I also found it very interesting how the author presented the dangers of reduplication of art. As we all very well know, this idea of art being able to be reprinted over and over again means that it can be spread out to wider masses. In other words, he explains how propaganda began and with it, the possibility to unify a people’s way of thinking, opinion, beliefs, etc.

In a similar note, the author also mentions how the art of film is quite totalitarian in the sense that we can only see what the cameraman wishes us to see. However, here I must disagree. This same opinion can be used to describe any form of art, not just film or photography. Therefore, while we may feel limited to the frames presented by the artist, I find it extreme to describe the style as totalitarian.

Week 7: Proposal for Video Project

Our idea for this next project, for which I am in a team with Ying, Carlo, and Harrison consists of a platform which will allow both men and women to experience how clothes will look on their body before they try it on. We plan to film a sorts of advertisement on different shops in order to portray the frustration men and women feel when they have to try on clothing before they purchase the item.

Thereafter, we will create a web page in which the user will be able to play with an image of themselves and transform it in order to see how a specific clothing item will look on them even without trying it on.

Our video project will be done throughout West Nanjing where one girl and one guy from our team will be trying on different types of clothing and showing signs of frustration. Then, we will introduce our webpage and show the various benefits you get from using our resource.

Week 7: Audio Project Tommy and Ori (Vasudevan)

Our audio project is supposed to represent the relationship between those who make a living out of the fake market and the police. While the selling of fake goods is illegal, the fake market at the Shanghai Science and Technology Museum subway station is still working. We wanted to demonstrate how it is that they are still running. However, it was complicated to obtain actual recordings of the subjects relating their relationship with the police, as was predicted. Therefore, we had to edit our audio in a way that we could portray this same image of illegal actions happening despite the police being aware of it. For this, we decided to use alarm sounds, songs lyrics, among other effects installed within our audio project.

In terms of the website, we created a platform where the user can both create their own melody based on different sections of our song, yet still, listen to our audio the way we want them to experience it. In this way, we have provided the user with the freedom to play around with excerpts of our full project by selecting three images then playing the sound each image emanates. Once the audio behind those three images has finished playing, the user can finally experience our masterpiece.


Week 7: Response to TED Talk (Vasudevan)

Adichie’s TED Talk was eye-opening because of how she provided both sides of to each argument. While she was attempting to help others understand the dangers of the single story, she admitted to having been an accomplice of it as well. However, what struck me the most was her way of describing her experiences whenever she went back to Nigeria. How her society complained and cursed at the government yet still prospered remineded me a lot of back home. Her admiration for her people is the same admiration I feel for mine. The number of times that the citizens of my country have been wronged by the government are countless, however, their passion for Argentina (my home) remains and lives within each of my compatriates.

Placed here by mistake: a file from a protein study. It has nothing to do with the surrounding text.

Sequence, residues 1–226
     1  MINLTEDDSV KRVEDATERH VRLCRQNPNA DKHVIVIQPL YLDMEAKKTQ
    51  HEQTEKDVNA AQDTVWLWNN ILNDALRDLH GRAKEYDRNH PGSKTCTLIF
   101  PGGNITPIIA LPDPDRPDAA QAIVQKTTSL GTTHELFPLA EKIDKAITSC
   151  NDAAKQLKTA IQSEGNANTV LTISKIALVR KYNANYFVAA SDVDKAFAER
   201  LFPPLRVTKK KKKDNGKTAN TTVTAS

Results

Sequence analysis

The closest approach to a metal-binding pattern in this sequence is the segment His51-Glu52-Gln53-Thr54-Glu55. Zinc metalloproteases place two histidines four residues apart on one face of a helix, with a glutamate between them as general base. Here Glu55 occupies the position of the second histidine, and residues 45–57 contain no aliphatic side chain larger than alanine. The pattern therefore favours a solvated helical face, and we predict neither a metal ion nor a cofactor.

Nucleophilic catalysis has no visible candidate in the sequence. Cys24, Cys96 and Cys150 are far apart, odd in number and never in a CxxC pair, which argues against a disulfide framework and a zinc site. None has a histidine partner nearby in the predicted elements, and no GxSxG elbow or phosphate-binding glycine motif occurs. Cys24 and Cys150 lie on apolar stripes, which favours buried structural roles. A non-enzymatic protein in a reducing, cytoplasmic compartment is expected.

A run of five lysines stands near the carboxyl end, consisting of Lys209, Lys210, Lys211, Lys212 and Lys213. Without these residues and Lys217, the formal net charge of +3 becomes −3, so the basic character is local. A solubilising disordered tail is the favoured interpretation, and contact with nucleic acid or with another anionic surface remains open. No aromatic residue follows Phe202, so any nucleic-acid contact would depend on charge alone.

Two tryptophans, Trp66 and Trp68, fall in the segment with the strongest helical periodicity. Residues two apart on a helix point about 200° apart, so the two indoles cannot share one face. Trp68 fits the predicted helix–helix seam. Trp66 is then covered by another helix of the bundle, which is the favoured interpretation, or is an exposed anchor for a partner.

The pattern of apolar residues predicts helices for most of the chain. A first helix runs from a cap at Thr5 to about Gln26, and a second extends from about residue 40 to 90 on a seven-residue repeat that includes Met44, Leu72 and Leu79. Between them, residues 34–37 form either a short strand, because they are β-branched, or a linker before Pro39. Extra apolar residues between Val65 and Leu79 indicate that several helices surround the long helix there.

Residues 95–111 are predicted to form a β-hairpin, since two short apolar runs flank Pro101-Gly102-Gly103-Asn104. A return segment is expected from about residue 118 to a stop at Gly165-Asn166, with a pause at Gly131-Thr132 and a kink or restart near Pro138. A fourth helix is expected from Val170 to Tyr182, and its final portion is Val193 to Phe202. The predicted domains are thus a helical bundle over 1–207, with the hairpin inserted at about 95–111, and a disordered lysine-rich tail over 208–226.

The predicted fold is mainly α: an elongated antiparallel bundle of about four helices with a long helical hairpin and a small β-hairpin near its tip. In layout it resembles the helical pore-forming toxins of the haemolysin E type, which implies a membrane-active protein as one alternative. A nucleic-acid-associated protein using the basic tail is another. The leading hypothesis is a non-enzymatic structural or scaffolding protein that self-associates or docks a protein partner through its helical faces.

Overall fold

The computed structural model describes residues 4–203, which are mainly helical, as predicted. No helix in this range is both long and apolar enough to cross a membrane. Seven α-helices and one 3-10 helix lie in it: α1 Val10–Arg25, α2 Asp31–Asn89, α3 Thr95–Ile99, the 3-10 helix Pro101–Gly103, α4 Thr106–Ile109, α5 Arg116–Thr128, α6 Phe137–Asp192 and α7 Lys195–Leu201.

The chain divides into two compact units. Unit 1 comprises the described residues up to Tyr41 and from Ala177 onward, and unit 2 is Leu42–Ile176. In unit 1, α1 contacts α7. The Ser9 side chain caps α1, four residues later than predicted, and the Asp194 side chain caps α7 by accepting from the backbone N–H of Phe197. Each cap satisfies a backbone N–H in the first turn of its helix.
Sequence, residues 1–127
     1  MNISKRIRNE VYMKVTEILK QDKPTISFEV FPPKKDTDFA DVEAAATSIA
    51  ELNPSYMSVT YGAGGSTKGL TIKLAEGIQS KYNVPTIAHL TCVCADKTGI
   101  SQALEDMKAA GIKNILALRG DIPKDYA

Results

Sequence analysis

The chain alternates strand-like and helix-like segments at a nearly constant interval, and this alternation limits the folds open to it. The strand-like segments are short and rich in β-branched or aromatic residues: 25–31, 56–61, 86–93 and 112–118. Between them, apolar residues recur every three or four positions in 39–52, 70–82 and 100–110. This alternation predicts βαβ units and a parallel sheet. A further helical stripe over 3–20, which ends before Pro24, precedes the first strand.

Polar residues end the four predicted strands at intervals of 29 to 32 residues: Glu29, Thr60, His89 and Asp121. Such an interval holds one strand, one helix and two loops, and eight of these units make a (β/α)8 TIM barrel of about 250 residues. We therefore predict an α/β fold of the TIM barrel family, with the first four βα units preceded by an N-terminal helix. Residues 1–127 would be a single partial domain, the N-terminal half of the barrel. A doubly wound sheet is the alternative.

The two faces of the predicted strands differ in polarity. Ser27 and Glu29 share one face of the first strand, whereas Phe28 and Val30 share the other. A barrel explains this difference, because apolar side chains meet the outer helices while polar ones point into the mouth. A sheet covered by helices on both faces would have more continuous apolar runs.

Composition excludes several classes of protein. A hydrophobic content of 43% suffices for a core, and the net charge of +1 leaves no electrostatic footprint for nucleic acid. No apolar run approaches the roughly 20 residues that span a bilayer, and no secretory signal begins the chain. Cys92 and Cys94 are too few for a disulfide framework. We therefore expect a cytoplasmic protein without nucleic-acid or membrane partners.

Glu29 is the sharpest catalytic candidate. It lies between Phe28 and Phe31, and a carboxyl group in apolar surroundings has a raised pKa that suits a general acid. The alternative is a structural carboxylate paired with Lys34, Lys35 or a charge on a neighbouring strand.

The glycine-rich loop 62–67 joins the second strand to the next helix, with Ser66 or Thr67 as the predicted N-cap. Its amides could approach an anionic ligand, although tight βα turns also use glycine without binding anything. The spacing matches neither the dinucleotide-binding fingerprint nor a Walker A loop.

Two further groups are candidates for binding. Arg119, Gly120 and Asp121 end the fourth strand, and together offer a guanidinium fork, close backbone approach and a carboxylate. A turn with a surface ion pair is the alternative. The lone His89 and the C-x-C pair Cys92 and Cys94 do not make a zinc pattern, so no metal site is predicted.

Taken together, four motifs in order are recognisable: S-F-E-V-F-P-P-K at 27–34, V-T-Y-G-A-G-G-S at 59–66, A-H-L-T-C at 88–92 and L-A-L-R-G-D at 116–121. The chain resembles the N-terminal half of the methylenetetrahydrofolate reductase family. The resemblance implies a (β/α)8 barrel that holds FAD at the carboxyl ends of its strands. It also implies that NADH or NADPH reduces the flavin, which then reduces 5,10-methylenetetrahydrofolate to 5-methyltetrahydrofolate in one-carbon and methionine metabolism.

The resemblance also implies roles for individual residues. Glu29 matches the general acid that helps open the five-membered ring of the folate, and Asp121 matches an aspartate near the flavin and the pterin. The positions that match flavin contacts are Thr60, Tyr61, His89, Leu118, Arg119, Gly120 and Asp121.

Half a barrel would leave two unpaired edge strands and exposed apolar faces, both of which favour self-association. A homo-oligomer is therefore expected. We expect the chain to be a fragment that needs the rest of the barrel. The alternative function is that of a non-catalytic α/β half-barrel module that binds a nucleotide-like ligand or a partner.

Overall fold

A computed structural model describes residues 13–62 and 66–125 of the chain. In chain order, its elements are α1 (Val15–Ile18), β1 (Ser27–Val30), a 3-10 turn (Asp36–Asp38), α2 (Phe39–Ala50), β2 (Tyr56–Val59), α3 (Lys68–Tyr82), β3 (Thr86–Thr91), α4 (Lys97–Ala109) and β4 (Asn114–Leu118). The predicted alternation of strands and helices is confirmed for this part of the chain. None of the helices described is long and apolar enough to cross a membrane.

However, her most important point, the idea that stereotypes are created through the retelling of a story over and over again is something which can be witnessed on a daily basis. Our way of classifying people and labeling them is apparent in even the smallest of scenarios. We create first impressions based on their looks, the people they hang out with, and their reputation. We do very little to go against these prejudices which have been instilled in us from previous experiences, stories, etc.

I believe this is a scenario of which we have all been responsible for as well as victims. Yet, her way of making it a public understanding of why it is that we create these images of each other may open the minds of many, allowing us to reevaluate our everyday stereotypes before classifying other people in these boxes.

Week 6: Reading (Vasudevan)

Theft and Artistry

The article allowed me to comprehend in a more in-depth way the manner by which cultural appropriation is criticized. In response to the article, I know see cultural appropriation as the act of using another culture, apart from one’s own, to gain profit from the implementation of the foreign culture.

These situations tend to include an artist who fails to portray the culture in question appropriately, and instead, includes members of their own race to represent the cultural traits they seek to signal out.